Op-Ed : Vineyard Nursing Association - a progress report
As most everyone knows by now, the Visiting Nurse Service (VNS), the former nursing agency of Martha's Vineyard Community Services, announced in March that it would close its doors effective June 30. The Vineyard Nursing Association (VNA), upon learning of the unexpected closing, began working with Sharon Claus-Zanger, the VNS clinical director, and others to create a plan to move care for 70 patients to Vineyard Nursing Association homecare by the end of June. Sandie Corr-Dolby, the VNA clinical director, worked closely with Sharon to ensure patient needs were met, the transition went smoothly, and all who needed homecare on the Island were served.
We are happy to report that with the admission of six patients on June 25, from the Massachusetts Rehabilitation Commission Home Care Assistance Program to the VNA, the VNA has officially and successfully completed the transition of all clients from the recently closed Visiting Nurse Service (VNS) to our care.
I want to thank Sandie, Sharon, and all those who worked so hard over the past few months to make this difficult step a smooth one for those who need home care on the Island. You have demonstrated professionalism, dedication and cooperation during this difficult and rapid transition-again, we thank you.
The transition plan called for moving Medicare patients over to VNA as they were discharged from VNS. Elder Service patients receiving assistance at home under the Office of Elder Affairs were admitted to the VNA program at the rate of 10 clients per month, and disabled clients started VNA care effective July 1, the start of the VNA contract for care with the Massachusetts Rehabilitation Commission.
Since the March announcement, the VNA began to hire staff from VNS to help with the increased workload. At times, the VNS staff was working for both agencies to facilitate the changes. I am pleased to say that we have now hired 11 former VNS staff - including nurses, therapists, aides, and administrators to work in full, part-time, or per diem positions.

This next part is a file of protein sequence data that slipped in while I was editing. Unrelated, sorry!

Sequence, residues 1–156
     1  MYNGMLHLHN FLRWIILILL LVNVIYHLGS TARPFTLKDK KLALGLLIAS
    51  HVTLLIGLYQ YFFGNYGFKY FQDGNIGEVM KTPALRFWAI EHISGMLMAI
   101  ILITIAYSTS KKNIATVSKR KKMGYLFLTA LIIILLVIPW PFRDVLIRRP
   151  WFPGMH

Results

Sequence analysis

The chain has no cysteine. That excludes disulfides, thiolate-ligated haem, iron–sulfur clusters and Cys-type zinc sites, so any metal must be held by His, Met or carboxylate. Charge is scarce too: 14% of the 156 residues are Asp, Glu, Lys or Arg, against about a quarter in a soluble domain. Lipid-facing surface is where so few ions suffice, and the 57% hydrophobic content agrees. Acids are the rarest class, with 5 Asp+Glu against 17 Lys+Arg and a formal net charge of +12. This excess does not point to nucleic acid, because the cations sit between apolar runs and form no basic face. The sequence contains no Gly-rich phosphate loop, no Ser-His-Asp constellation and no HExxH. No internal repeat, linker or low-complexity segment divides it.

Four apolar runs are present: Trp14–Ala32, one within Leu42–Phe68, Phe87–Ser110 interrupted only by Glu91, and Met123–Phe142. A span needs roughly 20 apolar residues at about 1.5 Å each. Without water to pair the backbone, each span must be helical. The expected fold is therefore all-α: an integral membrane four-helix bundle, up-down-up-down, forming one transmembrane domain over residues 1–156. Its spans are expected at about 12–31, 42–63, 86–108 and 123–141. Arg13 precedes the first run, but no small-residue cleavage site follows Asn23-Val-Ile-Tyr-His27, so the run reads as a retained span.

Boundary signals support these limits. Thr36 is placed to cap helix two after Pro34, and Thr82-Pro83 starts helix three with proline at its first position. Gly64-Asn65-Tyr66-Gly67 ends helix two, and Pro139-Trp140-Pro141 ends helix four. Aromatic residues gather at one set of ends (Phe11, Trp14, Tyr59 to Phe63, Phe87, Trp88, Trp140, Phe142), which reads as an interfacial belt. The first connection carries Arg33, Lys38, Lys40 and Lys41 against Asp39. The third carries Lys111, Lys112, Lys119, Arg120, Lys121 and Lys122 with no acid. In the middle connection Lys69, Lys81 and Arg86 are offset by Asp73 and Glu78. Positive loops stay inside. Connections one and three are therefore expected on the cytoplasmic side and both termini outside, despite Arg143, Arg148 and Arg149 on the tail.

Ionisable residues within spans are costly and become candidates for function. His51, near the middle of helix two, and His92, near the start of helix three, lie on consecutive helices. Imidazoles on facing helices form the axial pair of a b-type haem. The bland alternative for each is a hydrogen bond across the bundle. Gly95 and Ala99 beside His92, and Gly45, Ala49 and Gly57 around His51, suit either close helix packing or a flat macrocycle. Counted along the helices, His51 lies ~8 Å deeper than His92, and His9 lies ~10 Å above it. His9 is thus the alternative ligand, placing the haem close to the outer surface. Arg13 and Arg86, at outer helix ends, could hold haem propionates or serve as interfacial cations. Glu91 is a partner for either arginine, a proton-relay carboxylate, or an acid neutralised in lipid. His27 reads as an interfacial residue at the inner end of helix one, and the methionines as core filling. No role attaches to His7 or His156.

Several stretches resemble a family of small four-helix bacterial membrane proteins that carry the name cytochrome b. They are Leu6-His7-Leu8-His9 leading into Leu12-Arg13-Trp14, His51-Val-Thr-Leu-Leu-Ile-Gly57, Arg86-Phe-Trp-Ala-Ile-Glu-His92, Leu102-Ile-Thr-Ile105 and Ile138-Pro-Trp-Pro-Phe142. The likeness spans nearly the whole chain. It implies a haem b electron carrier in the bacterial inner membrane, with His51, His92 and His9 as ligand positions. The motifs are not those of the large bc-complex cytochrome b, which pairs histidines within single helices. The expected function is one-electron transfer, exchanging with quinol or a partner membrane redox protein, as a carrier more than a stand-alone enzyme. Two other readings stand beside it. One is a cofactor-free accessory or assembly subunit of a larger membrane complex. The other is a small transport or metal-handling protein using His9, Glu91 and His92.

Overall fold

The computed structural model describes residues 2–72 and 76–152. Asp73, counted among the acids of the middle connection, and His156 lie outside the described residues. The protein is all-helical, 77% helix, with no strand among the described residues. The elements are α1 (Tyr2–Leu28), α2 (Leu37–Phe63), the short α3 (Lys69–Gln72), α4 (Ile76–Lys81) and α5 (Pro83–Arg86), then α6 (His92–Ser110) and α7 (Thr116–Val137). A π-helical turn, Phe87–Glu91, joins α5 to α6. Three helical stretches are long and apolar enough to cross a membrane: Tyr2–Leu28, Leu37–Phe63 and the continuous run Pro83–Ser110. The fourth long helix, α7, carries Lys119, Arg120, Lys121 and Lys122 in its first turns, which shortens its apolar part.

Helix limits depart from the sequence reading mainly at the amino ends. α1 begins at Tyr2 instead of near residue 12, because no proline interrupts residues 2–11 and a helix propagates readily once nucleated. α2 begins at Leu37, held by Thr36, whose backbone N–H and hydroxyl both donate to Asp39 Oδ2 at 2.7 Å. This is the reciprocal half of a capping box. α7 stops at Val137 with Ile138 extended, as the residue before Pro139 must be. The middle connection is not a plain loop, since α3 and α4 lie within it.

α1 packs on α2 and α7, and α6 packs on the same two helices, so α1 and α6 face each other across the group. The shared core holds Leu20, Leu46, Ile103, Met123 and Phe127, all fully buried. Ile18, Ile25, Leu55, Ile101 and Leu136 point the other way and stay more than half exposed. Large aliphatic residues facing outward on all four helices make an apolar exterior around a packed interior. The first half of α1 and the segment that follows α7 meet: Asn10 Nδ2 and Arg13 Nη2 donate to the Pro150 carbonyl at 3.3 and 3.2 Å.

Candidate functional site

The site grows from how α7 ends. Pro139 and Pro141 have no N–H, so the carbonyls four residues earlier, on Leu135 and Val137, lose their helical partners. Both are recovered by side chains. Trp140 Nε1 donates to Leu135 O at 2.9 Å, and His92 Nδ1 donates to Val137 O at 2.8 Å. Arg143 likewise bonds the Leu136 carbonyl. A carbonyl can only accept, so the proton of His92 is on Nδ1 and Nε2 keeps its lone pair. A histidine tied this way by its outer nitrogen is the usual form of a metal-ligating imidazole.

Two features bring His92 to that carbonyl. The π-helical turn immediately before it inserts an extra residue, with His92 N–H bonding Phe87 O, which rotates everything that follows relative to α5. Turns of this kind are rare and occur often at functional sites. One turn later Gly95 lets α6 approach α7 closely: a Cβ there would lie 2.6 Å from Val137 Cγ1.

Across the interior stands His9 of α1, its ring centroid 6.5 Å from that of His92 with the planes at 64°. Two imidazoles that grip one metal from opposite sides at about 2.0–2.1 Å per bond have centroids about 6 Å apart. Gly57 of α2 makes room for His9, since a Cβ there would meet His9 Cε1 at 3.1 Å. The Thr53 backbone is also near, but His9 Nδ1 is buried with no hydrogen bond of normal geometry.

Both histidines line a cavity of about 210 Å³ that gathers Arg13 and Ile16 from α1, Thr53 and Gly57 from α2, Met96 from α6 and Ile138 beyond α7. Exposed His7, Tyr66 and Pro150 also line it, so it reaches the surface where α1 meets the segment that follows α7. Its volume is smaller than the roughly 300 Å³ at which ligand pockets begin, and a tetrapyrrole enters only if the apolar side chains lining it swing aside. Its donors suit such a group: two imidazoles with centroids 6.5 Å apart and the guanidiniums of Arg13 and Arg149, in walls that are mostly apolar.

In addition to homecare services, the VNA has been awarded contracts to provide public health services to the towns, which include nurse clinics, blood pressure clinics, home visits, and an array of other required public health services. Many of the towns were formerly serviced by the VNS. The VNA is now servicing town contracts for West Tisbury, Chilmark, Edgartown, Oak Bluffs, and Vineyard Haven. Nicole Barlett, a VNA nurse is managing our expanded town programs.
We have been challenged further by the timing of the VNS closure in light of our own, very successful, Private Care Service, which launched just before the VNS announcement. Demand for services has left our staff literally working day and night to ensure all client requests are met.
Since the beginning of the year, we have hired 45 new people to help us provide care for our former and new homecare clients, our town contracts, and our new Private Care Services. And the hiring continues at a steady pace. Our caseload has risen from 120 patients daily to over 290, and our current rate of annual visits is approaching 30,000 - up from 15,000 last year.
Doubling our growth in the past 90 days, while meeting all our clients' needs, has been a daunting challenge. We succeeded only because of the dedicated efforts of our entire workforce, including the professional and paraprofessional staff, the management team, and the administrative team.
While we have worked diligently to accommodate patient needs first, the VNS closure has required many changes within our organization. Now that all patients are being cared for, we are starting to address our operational and financial needs. Our next big step is yet another move, after only two years at our current location, to a larger office space. I am happy to report that we have found new quarters, just up State Road in Vineyard Haven, and we will be moving in late August, as soon as renovations are complete.
Our growth in response to the changing service need has also had significant financial consequence, as we will have to spend close to $150,000 of unbudgeted funds to meet our new obligations. We will continue to manage these challenges and are grateful to the many donors who continue to support us through their generous contributions and attendance at our fundraising events.
Our work is never done, and we are continuing to grow, but I want to personally thank all our employees in helping to make this very difficult transition successful. I also want to thank the community for its ongoing support and recognition of the difficult, challenging, and necessary work that we do. Thank you.
Bob Tonti is the chief executive officer of the Vineyard Nursing Association